The pointer media feature is used to query about the presence and accuracy of a pointing device such as a mouse. If a device has multiple input mechanisms, the pointer media feature must reflect the characteristics of the “primary” input mechanism, as determined by the user agent.” - W3C

The key word here is “accuracy” of the pointing device.

  • A mouse or a drawing stylus is very accurate and defines the value of fine.
  • A finger or a Kinect peripheral isn’t, and takes the value of coarse.

Therefore, we can adapt our UI elements to the user’s pointer capabilities. This is useful for making hit areas larger, if the user’s main input mechanism is a finger.

Code language: CSS

/* The primary input mechanism of the device includes a pointing device of limited accuracy. */
@media (pointer: coarse) { ... }
/* The primary input mechanism of the device includes an accurate pointing device. */
@media (pointer: fine) { ... }
/* The primary input mechanism of the device does not include a pointing device. */
@media (pointer: none) { ... }

An example use case for this query is to size the click area of a checkbox or radio.

Hover Capability: The hover Feature

The hover media feature is used to query the user’s ability to hover over elements on the page. If a device has multiple input mechanisms, the hover media feature must reflect the characteristics of the “primary” input mechanism, as determined by the user agent.” - W3C

It’s important to notice that it only evaluates the primary input mechanism. If the primary input mechanism is not able to hover, but the secondary input can, then the query will resolve to none:

For example, a touchscreen where a long press is treated as hovering would match hover: none.” - W3C

  • A touch screen device, where the primary pointer system is the finger and can’t hover, will take the value of none.
  • A device where the primary input is a mouse and can easily hover parts of the page takes the value of hover.

Code language: CSS

/* Primary input mechanism system can 
   hover over elements with ease */
@media (hover: hover) { ... }
/* Primary input mechanism cannot hover 
   at all or cannot conveniently hover 
   (e.g., many mobile devices emulate hovering
   when the user performs an inconvenient long tap), 
   or there is no primary pointing input mechanism */
@media (hover: none) { ... }

A good use of this query is a drop-down menu.

Rare Interaction Capabilities: The any-pointer and any-hover Features

On devices that are both touch and have a mouse or a stylus, like the Microsoft Surface, the hover and pointer media query will evaluate the primary input mechanism only.

As Andrea Giammarc pointed out, his Dell XPS 13” touch takes the value of fine, even though it does have a touch screen because the primary input mechanism is a mouse.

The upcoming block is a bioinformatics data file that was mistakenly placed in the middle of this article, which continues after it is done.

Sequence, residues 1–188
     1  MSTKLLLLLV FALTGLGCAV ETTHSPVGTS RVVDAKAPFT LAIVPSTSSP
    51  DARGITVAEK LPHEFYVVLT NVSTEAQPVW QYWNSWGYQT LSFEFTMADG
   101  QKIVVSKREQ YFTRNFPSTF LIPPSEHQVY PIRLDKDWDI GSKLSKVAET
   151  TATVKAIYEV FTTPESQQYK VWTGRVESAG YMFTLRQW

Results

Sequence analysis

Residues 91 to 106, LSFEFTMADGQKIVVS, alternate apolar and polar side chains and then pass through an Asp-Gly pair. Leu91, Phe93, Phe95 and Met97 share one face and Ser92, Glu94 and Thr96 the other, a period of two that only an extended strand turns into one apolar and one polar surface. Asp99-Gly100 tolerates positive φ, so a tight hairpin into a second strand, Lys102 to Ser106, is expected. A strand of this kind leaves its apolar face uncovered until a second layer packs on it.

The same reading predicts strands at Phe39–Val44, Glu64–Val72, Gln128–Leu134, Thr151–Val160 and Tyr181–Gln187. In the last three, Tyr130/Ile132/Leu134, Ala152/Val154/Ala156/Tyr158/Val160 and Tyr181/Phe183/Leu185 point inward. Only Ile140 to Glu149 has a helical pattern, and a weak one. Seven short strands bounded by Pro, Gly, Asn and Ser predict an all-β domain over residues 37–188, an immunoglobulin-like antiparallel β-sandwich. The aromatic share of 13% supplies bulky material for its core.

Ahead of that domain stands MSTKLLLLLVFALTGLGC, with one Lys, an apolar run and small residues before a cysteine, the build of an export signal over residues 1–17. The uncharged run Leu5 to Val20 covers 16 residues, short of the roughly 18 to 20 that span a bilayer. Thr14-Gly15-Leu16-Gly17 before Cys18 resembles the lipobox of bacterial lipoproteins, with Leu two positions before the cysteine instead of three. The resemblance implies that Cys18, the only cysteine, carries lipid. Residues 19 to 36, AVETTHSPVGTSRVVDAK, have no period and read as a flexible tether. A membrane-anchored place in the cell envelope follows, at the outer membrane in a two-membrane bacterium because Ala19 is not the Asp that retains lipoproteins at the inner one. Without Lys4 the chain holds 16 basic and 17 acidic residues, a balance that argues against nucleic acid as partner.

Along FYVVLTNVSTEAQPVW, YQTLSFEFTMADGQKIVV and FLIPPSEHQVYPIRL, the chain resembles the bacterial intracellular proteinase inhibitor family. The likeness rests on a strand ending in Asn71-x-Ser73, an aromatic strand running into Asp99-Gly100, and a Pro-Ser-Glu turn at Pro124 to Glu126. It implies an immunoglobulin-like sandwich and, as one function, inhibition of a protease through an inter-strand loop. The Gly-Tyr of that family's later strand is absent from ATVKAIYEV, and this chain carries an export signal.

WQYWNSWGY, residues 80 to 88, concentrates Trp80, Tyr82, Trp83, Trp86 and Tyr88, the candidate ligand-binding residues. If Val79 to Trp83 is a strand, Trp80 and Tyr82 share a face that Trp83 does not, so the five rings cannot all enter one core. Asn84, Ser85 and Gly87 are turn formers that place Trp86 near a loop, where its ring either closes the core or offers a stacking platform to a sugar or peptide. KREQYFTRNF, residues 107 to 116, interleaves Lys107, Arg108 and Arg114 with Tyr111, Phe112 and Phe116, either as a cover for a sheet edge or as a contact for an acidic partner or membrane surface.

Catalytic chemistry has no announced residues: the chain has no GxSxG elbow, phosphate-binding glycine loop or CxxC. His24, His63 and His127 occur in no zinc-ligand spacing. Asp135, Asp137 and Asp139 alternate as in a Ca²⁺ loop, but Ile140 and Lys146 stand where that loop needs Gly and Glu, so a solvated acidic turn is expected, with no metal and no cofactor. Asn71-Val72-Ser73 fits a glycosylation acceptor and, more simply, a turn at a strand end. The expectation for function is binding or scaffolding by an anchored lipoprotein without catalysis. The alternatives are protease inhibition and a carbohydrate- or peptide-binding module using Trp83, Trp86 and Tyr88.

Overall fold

If we want a device like that to take the value of coarse or hover, we can use the Rare Interaction Capabilities.

The any-pointer and any-hover media features are identical to the pointer and hover media features, but they correspond to the union of capabilities of all the pointing devices available to the user. More than one of their values can match, if different pointing devices have different characteristics. They must only match none if all of the pointing devices would match none for the corresponding query, or there are no pointing devices at all.” - W3C

Code language: CSS

/* One or more available input mechanism(s) 
   can hover over elements with ease */
@media (any-hover: hover) { ... }
/* One or more available input mechanism(s) can hover, 
   but not easily (e.g., many mobile devices emulate 
   hovering when the user performs a long tap) */
@media (any-hover: on-demand) { ... }
/* One or more available input mechanism(s) cannot 
   hover (or there are no pointing input mechanisms) */
@media (any-hover: none) { ... }
/* At least one input mechanism of the device 
   includes a pointing device of limited accuracy. */
@media (any-pointer: coarse) { ... }
/* At least one input mechanism of the device 
   includes an accurate pointing device. */
@media (any-pointer: fine) { ... }
/* The device does not include any pointing device. */
@media (any-pointer: none) { ... }

Browser Support Isn’t Bad at All!

Even though this is a working draft, it has pretty good support.

My simple test proved successful on Chrome, Chrome for Android, Safari, Edge, Opera, Samsung browser, and Android Browser, but it didn’t work on [Firefox], Opera Mini or IE.


I think we are ready to use this feature, and as [Firefox] adds support for it and IE dies once and for all, we will have full support.

The Reduced Motion Media Query

Sites all too often inundate their audiences with automatically playing, battery-draining, resource-hogging animations. The need for people being able to take back control of animations might be more prevalent than you may initially think.


Remember: we’re all just temporarily-abled. Feeling a little dizzy might not seem like that big a deal, but that moment of nausea might be a critical one: losing balance and falling down, a migraine during an interview, nausea-triggered vomiting while working a food service job, passing out while operating a car UI, etc.

So what can we do about it?

Enter a new Media Query

Safari 10.1 introduces the Reduced Motion Media Query. It is a non-vendor-prefixed declaration that allows developers to “create styles that avoid large areas of motion for users that specify a preference for reduced motion in System Preferences.”

The syntax is pretty straightforward:

Code language: CSS

@media (prefers-reduced-motion: reduce) {
  .background {
    animation: none;

Safari will parse this code and apply it to your site, letting you provide an alternative experience for users who have the Reduced Motion option enabled. Think of this new Media Query like @supports: describe the initial appearance, then modify the styles based on capability.